Tag Archives: Sean B.

FFF – Influential

Someone once said, “…the most influential people in my life are probably not even aware of the things they’ve taught me.”

This seems to have been the theme of my summer. The joy of change is that you meet new people, hear new thoughts and remove yourself from the stagnant nature that you wore like a comfortable old shoe. To further that shoe analogy, sometimes new shoes pinch, but in the end, they look spectacular and you adore them.

I have often found some of the best musical influence at work. Sean B. is a great example, plus, he likes blog shout outs (Hi Sean!). And over the course of the last few months at work, I have talked more about music than ever. A testament to some of the amazing people I met this summer. Even when arguing the merits (or lack thereof) of Nickleback and AC/DC (more on that next week). I learned these past few months. I learned that just because a song is successful doesn’t make it a sell-out. I learned that everyone has a unique taste in music that should be appreciated, even if it is not agreed with. I learned that there are people out there that are more than just their reputations and when instinct tells you to look closer, you listen and are often rewarded for it. I learned that there are other people out there, who, like me, listen to lyrics and notes and make music an integral part of their day and life. And these are the people that influence me and inspire me most.

Hollerado was a great recommendation this summer.  Canadian Indie at its finest.  They are a bit Weezer-esque.  Got to Lose never fails to make me smile. The lyrics, especially when recited verbatim, combine sentiment and quirk; definitely a fun song.  One that will always carry the memories of this summer. Introduced to me because I took time to listen and learn. It was my reward and I am terribly grateful for it.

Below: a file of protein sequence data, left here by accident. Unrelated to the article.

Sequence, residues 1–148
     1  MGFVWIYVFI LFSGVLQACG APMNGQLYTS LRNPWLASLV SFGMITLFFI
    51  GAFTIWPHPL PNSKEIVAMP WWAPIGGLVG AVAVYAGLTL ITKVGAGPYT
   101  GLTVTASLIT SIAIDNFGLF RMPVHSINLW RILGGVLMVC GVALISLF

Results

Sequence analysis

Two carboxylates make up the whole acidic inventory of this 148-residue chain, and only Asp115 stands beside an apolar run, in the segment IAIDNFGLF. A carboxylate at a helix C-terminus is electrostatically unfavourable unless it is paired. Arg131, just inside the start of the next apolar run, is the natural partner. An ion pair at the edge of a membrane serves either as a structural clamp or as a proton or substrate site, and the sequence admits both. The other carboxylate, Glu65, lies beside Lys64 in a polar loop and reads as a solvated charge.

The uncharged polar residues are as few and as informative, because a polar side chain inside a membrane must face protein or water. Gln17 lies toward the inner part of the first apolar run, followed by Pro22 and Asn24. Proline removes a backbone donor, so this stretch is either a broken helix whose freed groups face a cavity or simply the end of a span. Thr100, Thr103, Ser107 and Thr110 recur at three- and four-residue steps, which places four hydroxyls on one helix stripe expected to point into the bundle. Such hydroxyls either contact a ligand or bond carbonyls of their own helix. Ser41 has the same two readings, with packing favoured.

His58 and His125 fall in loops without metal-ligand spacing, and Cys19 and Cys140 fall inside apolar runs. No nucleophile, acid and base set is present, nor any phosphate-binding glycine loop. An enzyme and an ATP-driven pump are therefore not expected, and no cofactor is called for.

FFF – Summer Lovin’

The Who: Jenn Grant (www.jenngrant.com)

The What: Honeymoon Punch

I know I’ve already mentioned Sean B. this week, but it’s a Friday. And he often gives great recommendations. And seeing as it’s time for a Friday Friendly Find, I’m going to give him yet more credit.

And that credit is in the form of Jenn Grant. Halifax songstress. I’ve never heard of her. He saw her live, got the album, gave it listen (a few times) and knew I’d like it. Fast forward a few days and I am sitting at home on a Friday night (I know, I know) with a glass of wine, sitting on the couch on my back deck, enjoying the faltering heat of a sweltering day listening to new music. A good way to spend a night.

Now, I’m inclined to like Jenn Grant without even listening to her. She’s a ginger. And we gingers have to stick together (we’re almost an endangered species!). But, that kind of defeats the purpose of having a blog where we review and talk about music. So, in she goes.

At first listen, Jenn Grant is redolent of my two favourites Kates (Bush and Nash). Which means the album is playful, to my ears anyway. It’s the best I can describe it. Cute and fun. But not fluffy pop goo. It has some chops. I’ve read, quite a bit actually, that Jenn Grant’s previous album, Echoes, is much more guitar-ridden, not to mention angst-ridden, which is usually my very favourite. Whereas this album is filled with a more synthetic sound – I did find it pretty keyboard-heavy – which is not a bad thing at all. The cute sounds found on Honeymoon Punch is a good way to introduce myself to Jenn Grant. It’s not too serious off the hop. I like her. She seems precocious and playful. I can always dive into the serious stuff later. This is just the “get to know ya” phase, so the album works for new listeners.

Side note: I wonder if she ever gets annoyed at having to answer interview questions about how they believe Echoes was this big breakup album and Honeymoon Punch is her gooey love album? Why can’t she just feel like writing/singing something a bit different?

Even the slower numbers are upbeat in feeling. Frankly, it’s lovely summery music. It makes me smile. From feel-good simplicity in Paradise Mountain to lovely opening harmonies in Walk Away (which then moves from the fresh and slower tune I was expecting to a sharp snare backbeat, unexpected horns and a punchy beat). Jenn Grant manages to make her songs relevant with the folk-y, almost San Francisco Sound vibe that I’ve predicted is coming back in a huge way (if it’s not already here). Although, equally surprising is to move farther along the album and hit a song like the previously mentioned Walk Away. Which has a bit of an 80s feel. And it all kind of works together, oddly enough.